• FAITH: The Unholy Trinity is spent hunting down demons and their worshippers as they attempt to summon the Antichrist upon the mortal plane, and yet Satan himself only makes one appearance throughout the entire trilogy, and it's as a being of pure light in a flashback. He offers John a chance to leave the home of a possessed girl, but only if he swears to forfeit her soul. In his weakness, John relents. This sends him down a path of regret that ultimately leads to him returning a year later to make things right, which is the start of the game.

    Web Animation 
  • Retarded Animal Babies has Satan as a recurring character, often with his name screwed with to make other names for himself, such as "Stan" or "Santa".
  • Bedrock Person's Gascot is the universe's Satan, while not the Biblical portrayal, more like a self-fabricated rather akratic sociopath.

  • The Angel with Black Wings — An angel mentioned the name "Lucifer" in Chapter 12: Enemy, Page 27.
  • Blip features variations on both the Jewish and the Christian versions of Satan, as separate characters. Lucifer is the angel who rebelled against God and currently rules Hell—he's also a Bishōnen and a surprisingly nice guy (who still wants to destroy the world). "The Adversary" fills the role of God's prosecuting attorney and Loyal Opposition; he's much less nice. In spite of being on opposite sides of a war, the two of them get along rather well.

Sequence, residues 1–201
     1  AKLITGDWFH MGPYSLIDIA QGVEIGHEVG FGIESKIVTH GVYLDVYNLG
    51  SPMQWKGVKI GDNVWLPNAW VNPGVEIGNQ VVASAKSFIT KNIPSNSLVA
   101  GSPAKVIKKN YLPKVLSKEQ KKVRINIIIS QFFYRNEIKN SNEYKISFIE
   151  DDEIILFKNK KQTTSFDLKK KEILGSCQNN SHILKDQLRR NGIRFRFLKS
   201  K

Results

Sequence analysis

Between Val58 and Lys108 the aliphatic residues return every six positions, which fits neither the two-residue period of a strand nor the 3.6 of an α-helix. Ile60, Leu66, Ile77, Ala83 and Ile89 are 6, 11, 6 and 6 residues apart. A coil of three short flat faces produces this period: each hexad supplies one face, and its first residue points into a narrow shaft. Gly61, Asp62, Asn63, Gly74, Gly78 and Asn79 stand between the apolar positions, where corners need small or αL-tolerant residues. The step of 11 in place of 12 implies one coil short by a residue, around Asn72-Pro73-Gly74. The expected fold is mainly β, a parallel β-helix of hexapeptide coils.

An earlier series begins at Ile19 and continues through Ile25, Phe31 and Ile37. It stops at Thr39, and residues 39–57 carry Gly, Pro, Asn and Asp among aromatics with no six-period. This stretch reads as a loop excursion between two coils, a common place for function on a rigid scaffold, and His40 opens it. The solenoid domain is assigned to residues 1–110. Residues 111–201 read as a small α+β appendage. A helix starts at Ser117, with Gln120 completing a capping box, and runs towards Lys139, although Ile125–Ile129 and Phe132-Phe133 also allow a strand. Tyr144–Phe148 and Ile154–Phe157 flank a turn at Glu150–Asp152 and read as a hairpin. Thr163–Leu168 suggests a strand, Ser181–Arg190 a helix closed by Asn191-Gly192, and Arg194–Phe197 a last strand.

• Beyond the End: Hal is on the run from Lucifer, after having lived with him for a few centuries. He's said that Lucifer was clingy to the point of being stifling and Death has said Lucifer has anger issues that he's not keeping in check. This is pretty confirmed with how much shouting and threatening to kill people and actually killing Mortis he does.
  • Bob and George: He's Bob's grandpa. But he's only mentioned once. Does it mean that George is actually a demon?
  • Satan appears in Casey and Andy not only as a woman, but as the girlfriend of one of the title characters.
  • In College Roomies from Hell!!!, demons first appeared as throwaway characters who were summoned by the inept Satanists Waldo and Steve, but refused to do their bidding. Later, as the strip became more serious, they actually manage to summon Satan (as opposed to the previous nameless minor demons), and, after trying to take Dave's soul, he began showing a clear personal interest in the main characters, quickly proving to have been the Big Bad of the series all along.
  • Parody: In Dinosaur Comics, Satan is seemingly a videogame-obsessed nerd. He's never seen directly, instead being represented by red text coming from below the panel border.
    • Also, T-Rex is the only person who can hear Satan (or God, for that matter), leading the other characters to occasionally speculate that T-Rex is making up those voices he hears.
  • Satan is a main character in Holy Bibble where he is a bit of a trickster, though several comics have implied that he has more up his sleeve than we're initially led to believe.
  • Homestuck has a character named, well, Doc Scratch, who told the heroes that they could escape their current situation and the unstoppable villain hunting them if in exchange they would allow his master to enter the fray. He succeeds as he is omniscient, multi-dimensional, and an excellent host.
  • Given the primary focus of Jack, it's not surprising that Satan makes occasional appearances, in a form similar to David Hopkins' furry persona (a blue skunk), only with all-black eyes.